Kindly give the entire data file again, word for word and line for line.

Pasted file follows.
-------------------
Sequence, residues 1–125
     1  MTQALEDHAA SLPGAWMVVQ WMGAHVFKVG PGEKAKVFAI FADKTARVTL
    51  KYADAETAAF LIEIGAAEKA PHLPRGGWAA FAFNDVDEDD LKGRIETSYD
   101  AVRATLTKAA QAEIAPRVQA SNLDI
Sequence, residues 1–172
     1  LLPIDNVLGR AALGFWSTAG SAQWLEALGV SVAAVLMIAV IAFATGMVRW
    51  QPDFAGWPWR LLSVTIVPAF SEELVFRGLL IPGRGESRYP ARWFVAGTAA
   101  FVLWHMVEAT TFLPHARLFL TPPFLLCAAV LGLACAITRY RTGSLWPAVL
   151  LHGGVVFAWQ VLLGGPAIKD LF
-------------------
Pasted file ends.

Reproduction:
Sequence, residues 1–125
     1  MTQALEDHAA SLPGAWMVVQ WMGAHVFKVG PGEKAKVFAI FADKTARVTL
    51  KYADAETAAF LIEIGAAEKA PHLPRGGWAA FAFNDVDEDD LKGRIETSYD
   101  AVRATLTKAA QAEIAPRVQA SNLDI
Sequence, residues 1–172
     1  LLPIDNVLGR AALGFWSTAG SAQWLEALGV SVAAVLMIAV IAFATGMVRW
    51  QPDFAGWPWR LLSVTIVPAF SEELVFRGLL IPGRGESRYP ARWFVAGTAA
   101  FVLWHMVEAT TFLPHARLFL TPPFLLCAAV LGLACAITRY RTGSLWPAVL
   151  LHGGVVFAWQ VLLGGPAIKD LF